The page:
Supplement 5 adds 1,220 glyphs, specifically CIDs 29064 through 30283, and provides support for Yi, which is one of the regional scripts referenced in the GB 18030-2005 character set standard.
Special Glyphs & Other Notes
The following sections detail special glyphs and other notes that are of interest to font developers. Several glyph classes are complex, and deserve some amount of explanation and clarification.
The following table lists all of the Adobe-GB1-5 glyphs that are classified as a space, or are otherwise rendered as a space, and provides information with regard to their intended usage, along with their recommended set widths:
|22127||Full-width||Pre-rotated version of CID+1|
|22352||Full-width||Pre-rotated version of CID+7716|
The space glyphs that are described as a pre-rotated version of another glyph must be assigned full-width set widths in terms of their horizontal set widths, but when instantiated as an OpenType font, their vertical set widths as specified in the OpenType ‘vmtx’ (Vertical Metrics) table should match those of their unrotated counterparts.
Adobe-GB1-5 includes 27,629 glyphs that are classified as hanzi (aka ideographs), and their CID ranges, separated by Supplement, are shown in the table below:
In order to support the OpenType ‘vrt2’ (Vertical Alternates and Rotation) GSUB feature, the Adobe-GB1-5 character collection includes pre-rotated forms for all Latin and Latin-like glyphs that are not full-width. The table below details how horizontal CIDs and CID ranges map to their corresponding pre-rotated CID ranges:
|Supplement||Horizontal CIDs & CID Ranges||Pre-Rotated CID Ranges|
|3||1–95, 7712–7715, 814–939, 7716||22127–22352|
Glyph Set Widths
The following table provides CIDs and CID ranges that explicitly indicate which glyphs are intended to be designed with proportional- or half-width set widths. All other glyphs are expected to be full-width.
|Set Width||CIDs & CID Ranges|
|Proportional||1–95, 7712–7715, 22353–22354|
|Half-width||814–939, 7716, 22355–22357|
The glyph tables that are provided in this document include registration marks that serve to indicate relative set width. Explicitly specifying width classes, such as in the above table, is clearly more accurate and reliable than measuring the distance between registration marks. Please use both resources as your guide.
Note that the registration marks used in the glyph tables are in a separate layer, and if their presence is annoying, that layer can be turned off, thus preventing their display.
The CMap resources associated with the Adobe-GB1-5 character collection, along with the cid2code.txt datafile that provides additional details for font developers, are available as part of the CMap Resources open source project.
More complete descriptions of the individual Adobe-GB1-5 CMap resources can be found in Adobe Technical Note #5094, entitled Adobe CJKV Character Collections and CMap Files for CID-Keyed Fonts.
In general, the CMap resources that are based on legacy encodings, such as GBK, are no longer being updated. Rather, the Unicode CMap resources—available for UTF-8, UTF-16 (UTF-16BE), and UTF-32 (UTF-32BE) encodings, and kept perfectly synchronized—are updated on a regular basis, with new mappings being triggered by a new Supplement or a new version of Unicode. Furthermore, the UCS-2 CMap resources are obsolete and deprecated. Developers should use the UTF-16 CMap resources instead, because they are forward compatible with the now-obsolete UCS-2 ones.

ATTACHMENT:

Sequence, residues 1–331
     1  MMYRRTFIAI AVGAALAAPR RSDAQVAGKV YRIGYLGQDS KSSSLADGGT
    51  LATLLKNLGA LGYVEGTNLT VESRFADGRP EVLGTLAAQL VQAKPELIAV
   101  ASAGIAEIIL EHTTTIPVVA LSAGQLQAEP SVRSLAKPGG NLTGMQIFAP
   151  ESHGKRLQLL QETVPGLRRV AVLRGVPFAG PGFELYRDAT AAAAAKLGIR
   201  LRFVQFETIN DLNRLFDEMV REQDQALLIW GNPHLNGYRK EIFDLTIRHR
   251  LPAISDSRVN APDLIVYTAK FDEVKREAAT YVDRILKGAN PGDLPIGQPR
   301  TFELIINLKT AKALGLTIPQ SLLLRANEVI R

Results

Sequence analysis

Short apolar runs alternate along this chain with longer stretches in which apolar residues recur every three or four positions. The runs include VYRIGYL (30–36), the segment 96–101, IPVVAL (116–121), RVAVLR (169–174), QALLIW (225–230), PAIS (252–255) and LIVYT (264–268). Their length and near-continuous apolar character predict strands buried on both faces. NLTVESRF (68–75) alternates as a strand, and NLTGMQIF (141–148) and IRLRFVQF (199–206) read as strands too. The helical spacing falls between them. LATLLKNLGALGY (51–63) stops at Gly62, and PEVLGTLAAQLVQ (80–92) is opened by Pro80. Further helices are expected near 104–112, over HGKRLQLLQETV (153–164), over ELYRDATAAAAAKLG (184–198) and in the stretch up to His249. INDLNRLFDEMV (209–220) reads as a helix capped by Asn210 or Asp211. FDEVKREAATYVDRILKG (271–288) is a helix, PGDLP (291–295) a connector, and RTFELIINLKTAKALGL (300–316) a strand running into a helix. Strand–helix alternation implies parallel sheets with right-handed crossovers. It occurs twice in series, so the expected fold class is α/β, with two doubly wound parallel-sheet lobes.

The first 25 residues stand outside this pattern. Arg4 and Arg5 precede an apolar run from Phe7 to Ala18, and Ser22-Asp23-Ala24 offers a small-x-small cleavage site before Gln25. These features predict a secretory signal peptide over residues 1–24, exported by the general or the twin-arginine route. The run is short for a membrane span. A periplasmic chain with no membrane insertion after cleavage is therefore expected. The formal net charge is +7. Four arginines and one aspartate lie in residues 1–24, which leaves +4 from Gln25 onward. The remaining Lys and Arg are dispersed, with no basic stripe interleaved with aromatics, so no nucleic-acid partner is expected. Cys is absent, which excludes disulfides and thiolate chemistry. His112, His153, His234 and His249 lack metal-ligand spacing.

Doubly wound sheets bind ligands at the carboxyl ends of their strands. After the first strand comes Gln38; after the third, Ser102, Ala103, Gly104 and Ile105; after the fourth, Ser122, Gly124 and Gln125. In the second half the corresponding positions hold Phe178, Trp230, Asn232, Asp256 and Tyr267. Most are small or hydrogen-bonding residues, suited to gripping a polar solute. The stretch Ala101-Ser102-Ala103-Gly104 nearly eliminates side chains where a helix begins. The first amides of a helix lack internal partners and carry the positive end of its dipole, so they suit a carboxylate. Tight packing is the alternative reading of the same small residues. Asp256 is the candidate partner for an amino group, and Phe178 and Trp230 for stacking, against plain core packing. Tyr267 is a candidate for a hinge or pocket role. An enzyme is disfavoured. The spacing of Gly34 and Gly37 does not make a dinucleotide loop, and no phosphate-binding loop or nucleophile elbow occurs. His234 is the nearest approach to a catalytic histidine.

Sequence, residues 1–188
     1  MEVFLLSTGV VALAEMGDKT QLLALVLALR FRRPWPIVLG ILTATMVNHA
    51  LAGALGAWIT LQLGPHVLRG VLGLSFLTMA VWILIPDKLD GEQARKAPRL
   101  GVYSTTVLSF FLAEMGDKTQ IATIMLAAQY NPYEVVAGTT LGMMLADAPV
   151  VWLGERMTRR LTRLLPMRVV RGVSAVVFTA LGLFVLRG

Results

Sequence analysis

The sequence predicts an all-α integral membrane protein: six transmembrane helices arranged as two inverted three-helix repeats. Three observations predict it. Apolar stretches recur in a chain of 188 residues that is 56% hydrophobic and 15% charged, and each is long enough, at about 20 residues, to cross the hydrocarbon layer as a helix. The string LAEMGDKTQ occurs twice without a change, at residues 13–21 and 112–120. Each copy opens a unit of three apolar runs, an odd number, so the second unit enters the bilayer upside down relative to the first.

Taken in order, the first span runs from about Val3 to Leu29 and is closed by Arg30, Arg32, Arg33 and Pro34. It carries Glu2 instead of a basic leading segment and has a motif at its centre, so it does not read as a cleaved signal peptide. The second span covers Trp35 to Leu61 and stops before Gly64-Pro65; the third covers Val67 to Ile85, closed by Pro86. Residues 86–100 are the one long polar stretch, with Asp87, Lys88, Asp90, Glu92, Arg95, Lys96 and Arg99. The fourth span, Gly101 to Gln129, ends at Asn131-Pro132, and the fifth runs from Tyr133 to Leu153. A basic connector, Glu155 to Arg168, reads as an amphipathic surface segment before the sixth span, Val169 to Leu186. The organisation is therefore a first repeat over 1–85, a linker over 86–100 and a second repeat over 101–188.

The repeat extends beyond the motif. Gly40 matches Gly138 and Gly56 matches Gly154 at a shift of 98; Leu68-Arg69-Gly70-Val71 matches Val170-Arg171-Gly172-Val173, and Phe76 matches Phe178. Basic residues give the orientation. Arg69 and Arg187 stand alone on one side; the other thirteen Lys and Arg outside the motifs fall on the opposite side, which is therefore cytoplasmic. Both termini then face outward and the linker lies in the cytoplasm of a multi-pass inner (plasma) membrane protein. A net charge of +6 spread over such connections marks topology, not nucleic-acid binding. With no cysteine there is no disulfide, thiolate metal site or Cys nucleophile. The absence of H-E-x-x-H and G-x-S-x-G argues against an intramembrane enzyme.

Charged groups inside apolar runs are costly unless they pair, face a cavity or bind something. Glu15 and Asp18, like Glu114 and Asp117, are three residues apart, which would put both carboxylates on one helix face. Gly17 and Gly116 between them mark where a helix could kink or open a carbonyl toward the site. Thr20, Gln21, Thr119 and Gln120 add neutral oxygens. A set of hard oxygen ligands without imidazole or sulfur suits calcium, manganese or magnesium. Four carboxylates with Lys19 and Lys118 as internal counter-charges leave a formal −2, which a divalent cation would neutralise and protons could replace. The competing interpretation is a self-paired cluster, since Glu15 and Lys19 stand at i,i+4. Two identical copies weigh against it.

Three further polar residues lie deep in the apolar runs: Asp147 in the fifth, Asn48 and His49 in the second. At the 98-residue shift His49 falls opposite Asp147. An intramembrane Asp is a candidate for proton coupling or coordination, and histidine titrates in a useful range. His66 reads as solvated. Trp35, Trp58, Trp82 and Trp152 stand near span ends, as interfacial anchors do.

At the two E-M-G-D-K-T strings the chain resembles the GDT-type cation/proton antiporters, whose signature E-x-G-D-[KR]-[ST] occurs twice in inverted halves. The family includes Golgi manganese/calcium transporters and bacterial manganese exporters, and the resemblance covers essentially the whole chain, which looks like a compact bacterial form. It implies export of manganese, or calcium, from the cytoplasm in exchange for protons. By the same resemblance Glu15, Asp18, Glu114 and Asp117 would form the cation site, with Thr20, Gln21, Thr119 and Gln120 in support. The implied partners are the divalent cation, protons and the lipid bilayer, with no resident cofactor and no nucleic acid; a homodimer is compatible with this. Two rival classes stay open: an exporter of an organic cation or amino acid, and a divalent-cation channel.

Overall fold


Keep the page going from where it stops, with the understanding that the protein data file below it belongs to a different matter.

Unicode Variation Sequences
Representative glyphs for CIDs 0 through 30283 are provided in the Adobe-GB1-5.pdf file that is included in this repository, with 500 glyphs shown per page. And, for reader convenience, the beginning of each Supplement is clearly marked. The typeface used to exemplify each glyph is Adobe Song Std L (aka, AdobeSongStd-Light or Adobe 宋体 Std L), designed by Changzhou SinoType Technology Co., Ltd, owned by Adobe Systems Incorporated, and certified by the Press and Publication Administration of the People’s Republic of China, the China State Language Commission, and the National Typeface Committee. The specific font instance is Version 5.002, as reflected in its /CIDFontVersion dictionary entry.
Changes Since Earlier Versions
The following sections detail the history of this document, which was originally referred to as Adobe Technical Note #5079.
Since the 2000-11-30—Supplement 4—Version
The glyphs for Supplement 5, aimed to provide support for the Yi regional script of GB 18030, were added, and AdobeSongStd-Light (Adobe Song Std L) with /CIDFontVersion value 5.002 was used for the representative glyphs. Note that previous versions of this Adobe Tech Note used STSongStd-Light (STSong Std Regular) for its representative glyphs.
Since the 2007-02-28—Supplement 5—Version
The entire document was completely re-written.
Since the 2012-01-24—Supplement 5—Version
The entire specification was ported to GitHub markdown syntax and revised.
That is all.